Lord Huston waives his hat to follow and walks out the door. I grab a piece of sopressata, polish off a cup of wine in one gulp and follow Huston to a large white Rolls Royce, it must be a hundred years old. They say he drove it here through Franco-German lines after Paris collapsed. Dastardly with a knife they say. Crack shot with a long gun. A brutal beast at the battle of Bruges. But time has worn him down. He almost died in Bruges and ever since he’s stood as a grand leader for the rebellion. Kids chase us down the street as his driver and almost as impressive of a resume compatriot Enzo D’Bello the Italian button man turned bonafide national hero.
I was impressed by the notoriety of these men. Dozens of young Italian boys and girls chased as Lord Huston laughed and handed them bushels of grapes from a crate on the floor of the long stretched out convertible.
“You see sir, life is still strong down here. I doubt you can say the same for those under the great nation of Franco-Germany. Life is still of some sort of value here. We don’t dare to pretend things are perfect. Crime still exists, people still struggle, but at least they don’t hold the weight and confines of chattel,” Lord Huston got solemn as they reached the outskirts of the city, “But the big bitch looms. The blue eyes are coming. Chief Officer Mertz doesn’t know sympathy or grace, only the mighty hand of the unit.”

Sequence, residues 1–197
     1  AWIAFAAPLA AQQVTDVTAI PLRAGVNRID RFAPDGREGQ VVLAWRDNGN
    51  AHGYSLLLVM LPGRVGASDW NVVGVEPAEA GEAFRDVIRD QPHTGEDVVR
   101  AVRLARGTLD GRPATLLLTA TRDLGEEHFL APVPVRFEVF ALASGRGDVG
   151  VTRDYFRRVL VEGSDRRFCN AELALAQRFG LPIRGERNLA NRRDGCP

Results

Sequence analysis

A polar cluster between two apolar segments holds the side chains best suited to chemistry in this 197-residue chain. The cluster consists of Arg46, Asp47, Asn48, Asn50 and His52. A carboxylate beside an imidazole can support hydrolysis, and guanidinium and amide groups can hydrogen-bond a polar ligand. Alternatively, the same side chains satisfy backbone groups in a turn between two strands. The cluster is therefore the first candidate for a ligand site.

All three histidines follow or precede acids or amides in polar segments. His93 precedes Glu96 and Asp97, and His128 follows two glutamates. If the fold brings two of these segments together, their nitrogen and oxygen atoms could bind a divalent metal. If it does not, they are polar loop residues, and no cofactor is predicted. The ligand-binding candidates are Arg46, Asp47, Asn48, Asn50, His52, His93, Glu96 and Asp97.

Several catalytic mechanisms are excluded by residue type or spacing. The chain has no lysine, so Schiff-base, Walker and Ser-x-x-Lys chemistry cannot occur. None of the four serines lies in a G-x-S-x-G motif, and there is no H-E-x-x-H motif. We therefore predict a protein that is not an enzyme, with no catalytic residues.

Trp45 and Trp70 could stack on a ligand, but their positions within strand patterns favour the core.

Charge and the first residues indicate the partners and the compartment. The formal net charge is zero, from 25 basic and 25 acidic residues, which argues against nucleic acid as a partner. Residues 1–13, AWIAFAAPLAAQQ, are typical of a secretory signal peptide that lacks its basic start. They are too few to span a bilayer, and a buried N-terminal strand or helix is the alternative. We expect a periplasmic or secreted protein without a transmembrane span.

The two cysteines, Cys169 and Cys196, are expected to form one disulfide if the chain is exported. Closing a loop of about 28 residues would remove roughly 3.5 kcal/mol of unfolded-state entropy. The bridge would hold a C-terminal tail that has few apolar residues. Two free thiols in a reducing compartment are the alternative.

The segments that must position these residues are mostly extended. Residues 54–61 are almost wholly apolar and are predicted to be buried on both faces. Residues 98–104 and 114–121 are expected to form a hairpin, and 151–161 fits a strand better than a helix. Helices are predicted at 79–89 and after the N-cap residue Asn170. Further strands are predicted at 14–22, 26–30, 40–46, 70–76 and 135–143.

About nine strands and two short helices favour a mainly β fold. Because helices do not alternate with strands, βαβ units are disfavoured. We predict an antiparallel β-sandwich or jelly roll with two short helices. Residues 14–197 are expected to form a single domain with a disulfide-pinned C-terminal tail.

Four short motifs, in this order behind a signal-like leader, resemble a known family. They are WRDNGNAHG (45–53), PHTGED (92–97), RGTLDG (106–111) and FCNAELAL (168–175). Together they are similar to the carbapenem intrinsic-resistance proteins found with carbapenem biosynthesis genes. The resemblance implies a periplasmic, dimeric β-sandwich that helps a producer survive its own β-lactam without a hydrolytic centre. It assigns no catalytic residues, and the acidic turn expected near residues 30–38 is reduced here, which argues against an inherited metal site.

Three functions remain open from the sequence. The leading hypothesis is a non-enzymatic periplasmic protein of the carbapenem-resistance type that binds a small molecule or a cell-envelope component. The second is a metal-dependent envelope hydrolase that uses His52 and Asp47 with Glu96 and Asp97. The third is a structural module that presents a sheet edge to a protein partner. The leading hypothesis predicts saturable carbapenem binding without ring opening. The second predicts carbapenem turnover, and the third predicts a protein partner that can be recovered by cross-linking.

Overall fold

Lord Huston didn’t speak anymore after that in the car. We drove for maybe an hour along the coast of Italy, winding around mountains that had turrets with look outs watching in all directions, but keeping a keen eye on the open waters.
I took in every rebel’s position I could, every battery of weaponry, every gap between mountain peaks of the rebellion’s stronghold. Enzo and Huston knew I’d do this. It’s what they would do. I can’t decide whether this is a trip to a grave or what, but I’d imagine that at some point soon I’m going to find out.